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Anton's last purchase was a gaudy pin, round and covered in fake diamonds. It cost Anton $1.00, and Patty thought it looked like nothing Anton would ever buy. She already felt that she knew him and could guess his tastes, so it was surprising that he would buy such a large, ugly pin, especially showing the joy that he did.
However, that was exactly what Anton wanted out of it. He wanted something that looked big, gaudy, and expensive without being so. He wanted something that would not look like something he would have. That way, later on, he could use it to buy his freedom from a greedy, financially troubled guard.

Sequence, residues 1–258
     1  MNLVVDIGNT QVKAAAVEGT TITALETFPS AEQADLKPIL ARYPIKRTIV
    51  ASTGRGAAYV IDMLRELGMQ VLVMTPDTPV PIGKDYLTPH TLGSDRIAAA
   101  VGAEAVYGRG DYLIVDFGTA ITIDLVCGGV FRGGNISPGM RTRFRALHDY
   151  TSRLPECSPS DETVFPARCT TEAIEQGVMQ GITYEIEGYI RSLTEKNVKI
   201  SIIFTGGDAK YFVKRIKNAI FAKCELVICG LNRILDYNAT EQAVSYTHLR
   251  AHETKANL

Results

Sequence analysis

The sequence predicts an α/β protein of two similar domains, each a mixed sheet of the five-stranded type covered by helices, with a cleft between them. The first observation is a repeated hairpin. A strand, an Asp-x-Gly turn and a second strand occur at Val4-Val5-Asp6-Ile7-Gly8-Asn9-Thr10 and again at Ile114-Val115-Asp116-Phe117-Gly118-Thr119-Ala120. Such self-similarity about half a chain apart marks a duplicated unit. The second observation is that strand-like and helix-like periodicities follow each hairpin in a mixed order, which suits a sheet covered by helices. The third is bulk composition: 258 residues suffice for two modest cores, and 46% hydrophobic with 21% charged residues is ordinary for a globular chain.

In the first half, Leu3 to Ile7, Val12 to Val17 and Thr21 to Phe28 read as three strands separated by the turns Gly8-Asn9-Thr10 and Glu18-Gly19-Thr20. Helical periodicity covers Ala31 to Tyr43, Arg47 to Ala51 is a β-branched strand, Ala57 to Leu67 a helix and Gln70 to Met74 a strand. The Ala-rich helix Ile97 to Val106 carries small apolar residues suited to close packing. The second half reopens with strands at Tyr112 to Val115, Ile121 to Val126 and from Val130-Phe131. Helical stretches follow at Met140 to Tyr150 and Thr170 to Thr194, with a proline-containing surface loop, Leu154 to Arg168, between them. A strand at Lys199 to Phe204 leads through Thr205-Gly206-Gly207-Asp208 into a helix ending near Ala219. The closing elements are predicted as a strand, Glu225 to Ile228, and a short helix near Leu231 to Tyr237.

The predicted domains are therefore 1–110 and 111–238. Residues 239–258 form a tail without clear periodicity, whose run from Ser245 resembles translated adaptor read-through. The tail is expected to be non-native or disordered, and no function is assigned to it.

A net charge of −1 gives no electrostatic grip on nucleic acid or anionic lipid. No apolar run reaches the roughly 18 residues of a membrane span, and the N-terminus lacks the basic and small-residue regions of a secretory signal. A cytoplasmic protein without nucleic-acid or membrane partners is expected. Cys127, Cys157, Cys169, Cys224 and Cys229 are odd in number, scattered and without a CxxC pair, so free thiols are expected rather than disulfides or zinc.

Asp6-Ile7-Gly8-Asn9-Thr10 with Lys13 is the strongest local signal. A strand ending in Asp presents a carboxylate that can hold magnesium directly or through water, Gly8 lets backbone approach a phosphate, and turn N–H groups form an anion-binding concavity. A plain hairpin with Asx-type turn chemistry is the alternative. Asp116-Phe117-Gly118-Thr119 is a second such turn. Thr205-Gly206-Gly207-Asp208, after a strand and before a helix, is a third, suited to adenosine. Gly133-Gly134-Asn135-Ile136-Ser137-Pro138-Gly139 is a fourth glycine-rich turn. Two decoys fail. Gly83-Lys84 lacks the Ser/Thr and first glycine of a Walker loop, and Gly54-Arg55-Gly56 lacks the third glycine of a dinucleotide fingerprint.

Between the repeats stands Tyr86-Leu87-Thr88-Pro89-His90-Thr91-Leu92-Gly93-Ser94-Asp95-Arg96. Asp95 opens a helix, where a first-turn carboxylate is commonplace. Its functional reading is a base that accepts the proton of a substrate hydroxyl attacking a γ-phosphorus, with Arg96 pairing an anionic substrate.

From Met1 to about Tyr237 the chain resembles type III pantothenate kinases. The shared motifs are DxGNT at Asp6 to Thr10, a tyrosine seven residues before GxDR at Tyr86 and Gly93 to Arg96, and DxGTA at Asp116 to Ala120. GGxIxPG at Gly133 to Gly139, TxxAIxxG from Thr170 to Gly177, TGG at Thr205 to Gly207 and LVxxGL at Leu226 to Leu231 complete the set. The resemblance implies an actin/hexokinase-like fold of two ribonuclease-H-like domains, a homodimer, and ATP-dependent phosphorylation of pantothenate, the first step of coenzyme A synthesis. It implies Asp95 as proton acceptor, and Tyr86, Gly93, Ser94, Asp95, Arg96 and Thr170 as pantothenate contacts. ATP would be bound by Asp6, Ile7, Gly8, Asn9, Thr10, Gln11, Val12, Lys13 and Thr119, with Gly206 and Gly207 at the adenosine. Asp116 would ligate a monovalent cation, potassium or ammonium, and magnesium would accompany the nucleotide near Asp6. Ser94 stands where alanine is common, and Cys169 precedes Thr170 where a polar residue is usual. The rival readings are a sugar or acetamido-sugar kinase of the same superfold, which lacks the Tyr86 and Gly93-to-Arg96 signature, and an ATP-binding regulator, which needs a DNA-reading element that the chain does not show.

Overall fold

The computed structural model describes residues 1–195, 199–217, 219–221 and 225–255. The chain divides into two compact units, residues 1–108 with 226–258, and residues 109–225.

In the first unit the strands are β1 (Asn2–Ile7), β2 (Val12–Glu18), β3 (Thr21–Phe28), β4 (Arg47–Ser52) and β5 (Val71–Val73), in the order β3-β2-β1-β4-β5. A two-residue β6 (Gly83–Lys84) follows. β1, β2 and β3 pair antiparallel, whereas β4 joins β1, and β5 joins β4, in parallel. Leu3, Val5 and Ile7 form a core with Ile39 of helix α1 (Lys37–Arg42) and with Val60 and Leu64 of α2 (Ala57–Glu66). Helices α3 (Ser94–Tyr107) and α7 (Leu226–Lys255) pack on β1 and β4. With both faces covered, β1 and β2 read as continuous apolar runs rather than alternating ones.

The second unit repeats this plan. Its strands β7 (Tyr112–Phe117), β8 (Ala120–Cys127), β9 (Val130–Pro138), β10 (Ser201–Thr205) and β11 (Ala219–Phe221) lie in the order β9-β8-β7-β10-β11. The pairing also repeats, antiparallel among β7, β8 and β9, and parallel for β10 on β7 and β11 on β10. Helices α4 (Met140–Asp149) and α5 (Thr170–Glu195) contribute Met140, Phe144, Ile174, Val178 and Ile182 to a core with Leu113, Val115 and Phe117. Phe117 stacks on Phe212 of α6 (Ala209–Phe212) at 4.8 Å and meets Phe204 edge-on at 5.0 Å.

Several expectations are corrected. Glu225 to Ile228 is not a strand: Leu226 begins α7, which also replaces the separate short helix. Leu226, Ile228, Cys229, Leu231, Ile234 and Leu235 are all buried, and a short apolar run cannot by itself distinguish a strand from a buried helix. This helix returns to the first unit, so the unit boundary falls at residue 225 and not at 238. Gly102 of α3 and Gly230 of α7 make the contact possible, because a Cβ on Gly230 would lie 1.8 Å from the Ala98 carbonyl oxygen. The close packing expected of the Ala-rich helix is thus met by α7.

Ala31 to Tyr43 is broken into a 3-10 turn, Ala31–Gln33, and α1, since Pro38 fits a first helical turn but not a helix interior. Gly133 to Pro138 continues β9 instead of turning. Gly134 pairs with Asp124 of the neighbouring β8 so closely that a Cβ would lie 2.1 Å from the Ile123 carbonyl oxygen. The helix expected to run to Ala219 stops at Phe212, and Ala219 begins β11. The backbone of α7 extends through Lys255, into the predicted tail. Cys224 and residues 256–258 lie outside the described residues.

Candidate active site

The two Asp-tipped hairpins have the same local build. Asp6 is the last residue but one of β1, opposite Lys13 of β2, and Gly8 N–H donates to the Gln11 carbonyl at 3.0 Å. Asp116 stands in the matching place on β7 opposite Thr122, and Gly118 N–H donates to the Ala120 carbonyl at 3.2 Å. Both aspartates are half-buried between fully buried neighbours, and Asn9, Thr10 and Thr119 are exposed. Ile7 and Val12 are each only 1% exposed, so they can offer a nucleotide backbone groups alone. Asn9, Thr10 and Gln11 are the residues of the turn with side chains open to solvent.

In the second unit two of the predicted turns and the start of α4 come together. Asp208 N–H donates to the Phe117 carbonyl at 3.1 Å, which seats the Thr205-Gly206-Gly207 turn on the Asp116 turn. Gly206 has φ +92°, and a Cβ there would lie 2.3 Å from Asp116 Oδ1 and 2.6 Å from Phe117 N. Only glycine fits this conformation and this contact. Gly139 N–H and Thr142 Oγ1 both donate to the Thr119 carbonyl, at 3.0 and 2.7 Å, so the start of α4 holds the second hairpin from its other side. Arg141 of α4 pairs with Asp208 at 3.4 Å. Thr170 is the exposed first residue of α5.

The pin has symbolism in the story as a representation of freedom, provided one does not attempt to be oneself. Anton could be free as long as he could convince people he was someone else, and not a disguised Nazi. Patty could have some sense of freedom from her family only if she pretended to be a vapid, girly sort that she certainly was not.
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